Celebrating Black History Month with the USF Photograph Collection

Reading Time: 5 minutes

The USF Photograph Collection pictorially documents the history and legacy of the University of South Florida, including the impact of two pioneering individuals. In celebration of Black History Month, Digital Dialogs would like to recognize Dr. Ernest Boger, II and Dr. Juel Smith for their many accomplishments and contributions to our USF community.

Dr. Ernest Boger, II

Ernest Boger, a male student in his early 20s, holding several books as he walks on the USF campus.
USF Digital Collections, “Ernest Boger, USF’s first African American student” (U10-00054)

In 1961, Ernest Boger, II became the first African-American student to enter the University of South Florida. By his graduation, Boger had witnessed many historically significant events here at USF. He saw the Bull chosen as our mascot, the school song written, the student body more than triple, and USF’s multicultural diversity grow.[1] Even though his first impression of USF was that it consisted of “a lot of sand,” he soon saw new buildings being constructed amongst the wild foliage and important new student programs form.[1] Throughout his time at USF, Boger was an active participant in the campus community, taking part in the band, choir, Russian Language Club, and basketball ball team.[1]

As a student on a music scholarship, it was in the band where he first formed solid peer connections. Boger notes that he has always been proud of the “different, progressive environment here at South Florida.”[1] Outside of campus, some areas of Tampa were still struggling with the concept of desegregation, something that Boger experienced directly. In the early 1960s, Boger accompanied the USF band to Scaglione’s University Restaurant after a concert.[2] When the band was informed by restaurant staff that “we can’t serve [Boger],” the band director responded with “well, guys, it appears that they can’t serve Ernie here, so if they’re not going to serve Ernie, we’re not going to eat here.”[1]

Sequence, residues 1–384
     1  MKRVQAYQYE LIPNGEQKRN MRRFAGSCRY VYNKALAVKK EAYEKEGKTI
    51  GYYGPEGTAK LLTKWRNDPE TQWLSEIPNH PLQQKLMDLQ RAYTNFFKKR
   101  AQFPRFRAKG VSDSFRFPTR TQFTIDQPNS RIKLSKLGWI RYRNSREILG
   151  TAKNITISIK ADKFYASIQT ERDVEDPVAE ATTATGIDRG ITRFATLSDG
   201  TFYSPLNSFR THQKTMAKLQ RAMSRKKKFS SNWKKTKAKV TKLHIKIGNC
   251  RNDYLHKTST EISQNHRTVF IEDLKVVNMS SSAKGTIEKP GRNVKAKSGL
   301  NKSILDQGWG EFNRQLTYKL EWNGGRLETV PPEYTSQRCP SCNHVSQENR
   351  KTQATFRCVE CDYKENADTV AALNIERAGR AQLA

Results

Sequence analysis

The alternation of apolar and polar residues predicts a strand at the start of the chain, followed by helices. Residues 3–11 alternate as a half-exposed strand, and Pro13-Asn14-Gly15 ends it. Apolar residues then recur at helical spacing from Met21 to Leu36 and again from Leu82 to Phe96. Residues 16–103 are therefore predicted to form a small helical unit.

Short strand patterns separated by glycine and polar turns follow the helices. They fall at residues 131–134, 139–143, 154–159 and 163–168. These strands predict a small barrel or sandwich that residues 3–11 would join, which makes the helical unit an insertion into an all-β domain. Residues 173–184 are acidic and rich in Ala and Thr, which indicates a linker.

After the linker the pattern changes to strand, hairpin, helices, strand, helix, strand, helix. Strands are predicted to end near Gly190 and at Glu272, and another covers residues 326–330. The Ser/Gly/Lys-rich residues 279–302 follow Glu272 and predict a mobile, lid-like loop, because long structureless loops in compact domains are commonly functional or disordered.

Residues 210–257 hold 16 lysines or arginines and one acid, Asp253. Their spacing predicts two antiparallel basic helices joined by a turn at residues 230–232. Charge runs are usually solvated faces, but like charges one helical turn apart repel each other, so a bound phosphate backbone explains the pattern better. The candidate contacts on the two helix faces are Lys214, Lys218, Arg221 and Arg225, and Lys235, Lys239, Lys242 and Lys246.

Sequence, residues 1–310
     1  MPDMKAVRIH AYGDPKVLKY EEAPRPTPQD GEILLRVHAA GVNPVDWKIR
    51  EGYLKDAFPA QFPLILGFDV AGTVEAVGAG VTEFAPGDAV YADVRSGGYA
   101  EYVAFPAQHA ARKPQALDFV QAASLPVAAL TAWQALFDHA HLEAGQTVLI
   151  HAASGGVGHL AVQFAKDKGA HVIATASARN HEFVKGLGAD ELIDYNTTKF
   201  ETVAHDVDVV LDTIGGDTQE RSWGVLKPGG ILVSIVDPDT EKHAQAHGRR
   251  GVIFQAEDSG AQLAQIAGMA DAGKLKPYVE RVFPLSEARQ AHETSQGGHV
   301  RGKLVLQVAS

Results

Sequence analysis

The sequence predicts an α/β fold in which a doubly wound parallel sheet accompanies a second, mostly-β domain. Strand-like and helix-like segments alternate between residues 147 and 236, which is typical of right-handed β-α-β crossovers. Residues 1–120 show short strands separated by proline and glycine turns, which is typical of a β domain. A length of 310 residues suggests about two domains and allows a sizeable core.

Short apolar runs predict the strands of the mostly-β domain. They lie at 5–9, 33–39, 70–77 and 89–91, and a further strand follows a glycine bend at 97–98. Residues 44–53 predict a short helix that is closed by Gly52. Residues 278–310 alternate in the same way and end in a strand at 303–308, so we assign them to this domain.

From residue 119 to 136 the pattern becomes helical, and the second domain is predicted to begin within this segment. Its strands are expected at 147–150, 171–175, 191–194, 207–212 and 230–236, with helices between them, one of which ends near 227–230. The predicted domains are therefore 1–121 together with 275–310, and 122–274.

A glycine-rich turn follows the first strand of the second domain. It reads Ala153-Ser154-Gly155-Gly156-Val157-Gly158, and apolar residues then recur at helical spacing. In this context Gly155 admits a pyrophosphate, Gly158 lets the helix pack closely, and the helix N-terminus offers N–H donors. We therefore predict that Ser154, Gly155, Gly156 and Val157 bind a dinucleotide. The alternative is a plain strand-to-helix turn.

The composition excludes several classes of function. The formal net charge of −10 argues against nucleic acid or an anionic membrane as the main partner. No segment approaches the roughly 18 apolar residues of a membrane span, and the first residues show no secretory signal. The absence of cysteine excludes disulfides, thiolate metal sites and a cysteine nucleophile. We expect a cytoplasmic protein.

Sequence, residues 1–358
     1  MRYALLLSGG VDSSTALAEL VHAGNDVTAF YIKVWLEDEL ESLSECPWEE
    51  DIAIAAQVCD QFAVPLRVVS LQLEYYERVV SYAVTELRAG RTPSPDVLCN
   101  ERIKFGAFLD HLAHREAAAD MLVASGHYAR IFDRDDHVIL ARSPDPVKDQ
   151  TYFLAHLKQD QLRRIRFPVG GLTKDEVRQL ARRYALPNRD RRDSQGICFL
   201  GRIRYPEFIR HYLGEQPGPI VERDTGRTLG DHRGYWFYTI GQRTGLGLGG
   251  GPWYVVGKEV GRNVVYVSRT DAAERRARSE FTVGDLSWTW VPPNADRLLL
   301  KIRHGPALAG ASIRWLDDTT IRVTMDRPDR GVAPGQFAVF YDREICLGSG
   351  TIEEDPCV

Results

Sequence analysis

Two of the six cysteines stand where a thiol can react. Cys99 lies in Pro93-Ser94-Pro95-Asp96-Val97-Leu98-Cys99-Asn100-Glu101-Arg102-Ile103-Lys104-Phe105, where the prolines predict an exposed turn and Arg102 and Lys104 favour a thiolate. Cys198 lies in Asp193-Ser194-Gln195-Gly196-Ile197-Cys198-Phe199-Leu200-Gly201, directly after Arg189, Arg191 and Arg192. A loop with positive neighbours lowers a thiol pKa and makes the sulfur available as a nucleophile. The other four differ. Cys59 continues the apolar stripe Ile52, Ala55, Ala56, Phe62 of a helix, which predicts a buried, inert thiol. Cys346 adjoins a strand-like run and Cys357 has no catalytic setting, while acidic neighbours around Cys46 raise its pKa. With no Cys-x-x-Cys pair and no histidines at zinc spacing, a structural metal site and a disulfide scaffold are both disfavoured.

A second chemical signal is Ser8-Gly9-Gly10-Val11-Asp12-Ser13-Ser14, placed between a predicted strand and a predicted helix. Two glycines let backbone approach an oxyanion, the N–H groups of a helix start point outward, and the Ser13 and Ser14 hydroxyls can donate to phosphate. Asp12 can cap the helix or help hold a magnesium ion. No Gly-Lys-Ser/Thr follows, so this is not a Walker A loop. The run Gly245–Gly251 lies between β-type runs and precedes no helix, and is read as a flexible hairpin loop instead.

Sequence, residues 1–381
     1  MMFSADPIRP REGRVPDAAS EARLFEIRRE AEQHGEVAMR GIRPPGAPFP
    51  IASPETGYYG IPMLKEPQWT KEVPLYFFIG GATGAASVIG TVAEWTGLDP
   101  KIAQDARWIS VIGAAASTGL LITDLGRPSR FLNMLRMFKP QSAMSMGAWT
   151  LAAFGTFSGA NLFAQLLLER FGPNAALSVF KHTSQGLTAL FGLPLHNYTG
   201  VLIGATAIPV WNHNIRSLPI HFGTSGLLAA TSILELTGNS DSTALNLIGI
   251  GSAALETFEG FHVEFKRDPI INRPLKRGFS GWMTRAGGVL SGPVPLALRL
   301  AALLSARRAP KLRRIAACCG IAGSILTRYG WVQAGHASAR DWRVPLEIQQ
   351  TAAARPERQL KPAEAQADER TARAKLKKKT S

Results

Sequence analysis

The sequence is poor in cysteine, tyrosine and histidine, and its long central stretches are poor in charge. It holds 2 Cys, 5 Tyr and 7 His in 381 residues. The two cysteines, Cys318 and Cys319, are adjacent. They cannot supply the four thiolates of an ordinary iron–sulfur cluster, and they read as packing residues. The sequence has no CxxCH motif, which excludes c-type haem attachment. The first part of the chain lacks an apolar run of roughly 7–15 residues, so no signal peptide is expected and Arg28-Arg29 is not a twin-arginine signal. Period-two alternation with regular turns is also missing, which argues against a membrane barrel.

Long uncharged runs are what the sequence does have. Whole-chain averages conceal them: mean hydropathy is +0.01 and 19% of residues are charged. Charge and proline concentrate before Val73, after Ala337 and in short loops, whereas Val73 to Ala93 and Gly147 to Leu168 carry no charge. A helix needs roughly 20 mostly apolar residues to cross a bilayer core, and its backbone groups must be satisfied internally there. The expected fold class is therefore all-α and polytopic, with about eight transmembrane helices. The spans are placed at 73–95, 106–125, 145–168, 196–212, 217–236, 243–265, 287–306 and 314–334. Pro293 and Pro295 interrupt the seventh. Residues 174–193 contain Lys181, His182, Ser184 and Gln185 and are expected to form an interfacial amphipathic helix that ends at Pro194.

That statement had a profound effect as almost a hundred people left the restaurant that night and USF students and faculty picketed the restaurant the next day. [1] Boger gives credit to USF students and faculty as “they recognized a situation and stepped up and did what was the right thing.”[1] Boger states that “it’s not so important to recognize me as a person who opened the door, but me as the first person who walked through the open door, because USF had an open door … Mississippi, Alabama, Louisiana, they had closed doors.”[3]

In 1965, Boger graduated from USF with a B.S. in psychology. Later, he earned a M.B.A. from the University of North Texas and a doctorate in management from Revans International University.[4] Over the last 30 years, Dr. Boger has held various positions in the hospitality industry. He is currently the Chairman and Associate Professor of the Hospitality and Tourism Management Department at the University of Maryland Eastern Shore and has been named “one of the most influential African/Americans in Travel/Tourism” for the last five years by Black Meetings & Tourism Magazine.[4] To date, Dr. Boger is the only African American to be awarded the USF President’s Fellow Medallion.[5]

Dr. Juel Smith

A portrait of Juel Smith, the founder of the Institute of Black Life at USF
USF Digital Collections, “Institute of Black Life founder Juel Smith” (U10-00177)

Like Ernest Boger, Juel Smith also entered USF as a student, earning her doctorate in counselor education in 1987. Dr. Smith has held several influential positions at USF, including a counselor in the Counseling Center for Human Development, founder and Acting Director of the Institute on Black Life, founder of the Center for Africa and the Diaspora, founding executive director of the Women in Leadership and Philanthropy program, and Director of Institutional Development at USF.[6] Her time at the university has been marked by her devotion to student learning, community engagement, and service.